With every doctor, pundit and reporter out in the media about doctors’ fees presently, I thought I would let them go at it and consider instead an item that I consider to be the “elephant in the room” of physician compensation negotiations everywhere in Canada.

Almost every physician in Canada that I know believes that our health care system would be much improved if patient accountability was expected of Canadians. Governments, however, have been opposed to introducing any patient responsibility despite the fact that there is significant evidence that there would be benefits for both the system and the patient. In fact, in conversations about how to manage the costs of the system, patient accountability is that subject which the government will never introduce, no matter how much doctors want to talk about it.

What surprises me about this is that many of my patients and their families are perfectly prepared to accept some degree of responsibility. What’s important about this is that my patients are mostly adolescents, a group that many believe are not at all prepared to be accountable for many of their actions.

A number of my patients, aged 16 to 18, come initially because a parent “forces” them to come. They will tell me they don’t want to be with me. I explain that I only want them to stay if they want to be there. Many will say, “Isn’t it wasting your time if I leave?” I can then point to a stack of paperwork on my desk and say, “I’d rather see you, but I have things I could do.”

Still, many are not convinced. It is absolutely clear that they have a sense that it would be wrong for them not to honour the appointment, even though they did not want it and usually did not make the appointment. That is the degree of responsibility that my young patients feel toward an appointment with a doctor for medical care.

You can also imagine that their parents feel the same way –I know it by the look on a parent’s face when I tell their son or daughter that I only want them to stay if they want to be there.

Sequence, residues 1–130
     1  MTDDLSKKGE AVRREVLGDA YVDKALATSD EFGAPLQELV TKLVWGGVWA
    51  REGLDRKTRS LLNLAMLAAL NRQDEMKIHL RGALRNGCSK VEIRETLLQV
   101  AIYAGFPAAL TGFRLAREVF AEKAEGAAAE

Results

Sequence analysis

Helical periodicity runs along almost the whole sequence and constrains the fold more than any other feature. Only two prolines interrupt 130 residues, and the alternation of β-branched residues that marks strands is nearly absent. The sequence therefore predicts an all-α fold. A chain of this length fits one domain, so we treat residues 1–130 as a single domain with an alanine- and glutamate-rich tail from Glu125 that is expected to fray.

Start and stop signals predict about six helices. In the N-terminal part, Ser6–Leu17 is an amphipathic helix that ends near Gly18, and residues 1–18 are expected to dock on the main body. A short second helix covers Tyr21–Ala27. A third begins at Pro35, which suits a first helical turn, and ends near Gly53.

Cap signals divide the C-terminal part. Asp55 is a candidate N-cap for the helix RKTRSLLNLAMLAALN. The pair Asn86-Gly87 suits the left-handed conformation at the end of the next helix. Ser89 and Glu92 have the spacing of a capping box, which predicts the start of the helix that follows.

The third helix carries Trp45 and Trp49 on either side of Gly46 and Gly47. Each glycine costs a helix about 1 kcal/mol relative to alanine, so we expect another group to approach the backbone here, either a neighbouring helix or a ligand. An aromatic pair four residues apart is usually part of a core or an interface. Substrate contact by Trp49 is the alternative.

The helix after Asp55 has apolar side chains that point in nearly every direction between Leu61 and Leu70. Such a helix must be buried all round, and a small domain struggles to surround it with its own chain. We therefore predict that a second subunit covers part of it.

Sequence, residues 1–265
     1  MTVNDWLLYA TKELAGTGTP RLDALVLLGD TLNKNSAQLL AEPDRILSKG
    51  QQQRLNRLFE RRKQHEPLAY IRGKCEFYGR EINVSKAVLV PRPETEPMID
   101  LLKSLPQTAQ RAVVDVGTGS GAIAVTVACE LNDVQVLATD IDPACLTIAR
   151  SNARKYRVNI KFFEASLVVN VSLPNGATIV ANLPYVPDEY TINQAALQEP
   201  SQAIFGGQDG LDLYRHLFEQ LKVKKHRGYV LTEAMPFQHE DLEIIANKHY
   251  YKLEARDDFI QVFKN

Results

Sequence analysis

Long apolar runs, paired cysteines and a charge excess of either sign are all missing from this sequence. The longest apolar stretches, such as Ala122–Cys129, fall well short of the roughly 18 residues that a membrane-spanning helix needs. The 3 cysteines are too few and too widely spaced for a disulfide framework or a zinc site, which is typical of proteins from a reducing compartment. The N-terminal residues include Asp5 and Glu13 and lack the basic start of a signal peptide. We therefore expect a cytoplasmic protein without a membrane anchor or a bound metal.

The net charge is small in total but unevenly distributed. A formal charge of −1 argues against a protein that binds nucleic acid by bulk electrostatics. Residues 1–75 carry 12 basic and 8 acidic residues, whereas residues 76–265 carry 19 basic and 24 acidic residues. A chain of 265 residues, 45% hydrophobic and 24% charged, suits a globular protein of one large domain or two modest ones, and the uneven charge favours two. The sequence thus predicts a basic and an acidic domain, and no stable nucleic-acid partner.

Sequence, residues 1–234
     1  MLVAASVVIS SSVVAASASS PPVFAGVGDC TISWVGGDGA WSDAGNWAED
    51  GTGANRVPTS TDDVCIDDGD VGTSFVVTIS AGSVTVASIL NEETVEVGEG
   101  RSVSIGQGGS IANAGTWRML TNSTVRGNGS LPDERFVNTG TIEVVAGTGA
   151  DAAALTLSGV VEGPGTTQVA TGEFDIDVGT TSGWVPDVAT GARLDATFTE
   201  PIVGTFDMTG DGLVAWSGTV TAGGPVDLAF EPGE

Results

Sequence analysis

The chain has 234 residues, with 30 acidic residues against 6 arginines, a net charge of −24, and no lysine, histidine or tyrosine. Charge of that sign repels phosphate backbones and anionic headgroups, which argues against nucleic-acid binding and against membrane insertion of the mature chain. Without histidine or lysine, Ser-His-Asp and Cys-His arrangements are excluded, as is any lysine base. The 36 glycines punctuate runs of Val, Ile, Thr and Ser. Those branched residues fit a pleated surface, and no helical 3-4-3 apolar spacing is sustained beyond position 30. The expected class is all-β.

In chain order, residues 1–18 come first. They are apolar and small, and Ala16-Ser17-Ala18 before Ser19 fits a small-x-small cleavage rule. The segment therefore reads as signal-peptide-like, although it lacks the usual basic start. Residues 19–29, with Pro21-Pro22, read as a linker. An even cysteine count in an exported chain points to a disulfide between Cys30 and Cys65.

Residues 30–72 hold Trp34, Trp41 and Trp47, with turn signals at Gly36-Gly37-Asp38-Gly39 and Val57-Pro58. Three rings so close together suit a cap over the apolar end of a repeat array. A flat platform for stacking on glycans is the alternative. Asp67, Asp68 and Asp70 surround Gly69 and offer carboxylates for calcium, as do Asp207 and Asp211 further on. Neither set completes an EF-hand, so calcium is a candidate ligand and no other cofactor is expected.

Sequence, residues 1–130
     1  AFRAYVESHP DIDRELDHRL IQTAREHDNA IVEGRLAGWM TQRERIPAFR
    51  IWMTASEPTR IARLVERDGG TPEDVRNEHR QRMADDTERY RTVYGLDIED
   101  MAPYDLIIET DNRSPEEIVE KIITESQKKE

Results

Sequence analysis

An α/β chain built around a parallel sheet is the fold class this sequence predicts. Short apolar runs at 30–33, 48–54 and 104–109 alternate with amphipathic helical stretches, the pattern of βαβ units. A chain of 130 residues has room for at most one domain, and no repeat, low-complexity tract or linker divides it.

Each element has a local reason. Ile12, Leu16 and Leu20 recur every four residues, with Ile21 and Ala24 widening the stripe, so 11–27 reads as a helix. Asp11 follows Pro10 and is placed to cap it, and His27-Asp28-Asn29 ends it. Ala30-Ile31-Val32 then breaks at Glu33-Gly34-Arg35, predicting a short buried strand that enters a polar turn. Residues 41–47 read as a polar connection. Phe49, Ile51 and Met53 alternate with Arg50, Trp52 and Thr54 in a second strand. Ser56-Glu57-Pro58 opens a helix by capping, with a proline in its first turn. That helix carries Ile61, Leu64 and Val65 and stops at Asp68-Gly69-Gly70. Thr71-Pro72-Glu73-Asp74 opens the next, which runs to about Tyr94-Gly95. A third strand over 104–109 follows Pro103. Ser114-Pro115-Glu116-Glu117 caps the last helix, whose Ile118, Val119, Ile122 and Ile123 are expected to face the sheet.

There are exceptions, of course, to this experience but the patient who wants to completely opt out of being in a responsible relationship with me is actually rare. Considering that supposedly irresponsible adolescents can accept responsibility for their mental health treatments, I am driven to ask: why can we not expect patient accountability at the system level?

What might this entail? In my clinic, it means that, first of all, you keep your appointments and, if you can’t, you let us know within enough time that we can book someone else. Each patient is allowed two appointments that they can miss with no notice because we recognize that sometimes cars don’t start in winter, people get sick and it took longer to try on your prom tuxedo than you had planned (a real reason). If you miss the third appointment, we close the file. We also expect people to get their bloodwork and other tests done and to try to remember to participate in treatment by doing their Cognitive Behaviour Therapy Homework or taking medication. My experience is that people accept this.

I am, therefore, truly mystified by governments’ reluctance to work with doctors to establish patients as full partners in this system by providing not just benefits but responsibilities. It seems that governments believe that expecting patients to be accountable limits patients’ freedom in some way or is not in the spirit of a “universal” health care system. I think that patients would welcome being told, “We’re working with doctors and hospitals to ensure that you have access to the best health care but we need your help managing this.”

I know that readers will have different views about patient accountability, and all of us have had negative experiences with inappropriate use of our health care resources, by any and all partners in the system. But we cannot just continue to ignore this.

It’s time to deal with the “elephant in the room”.


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4 thoughts on “Patient Accountability: What’s the Big Deal?

  1. Great post, Dr. Beck. You can take this further– Should lines be drawn for patients who continuously use cocaine and end up admitted to med/surg floors or even ICU’s for hypertensive emergencies, ACS, acute exacerbations of heart failure and COPD? What about the patient with multiple admissions for DKA because they stop taking their insulin despite having access to the medications at home?

  2. Kyle Pearce says: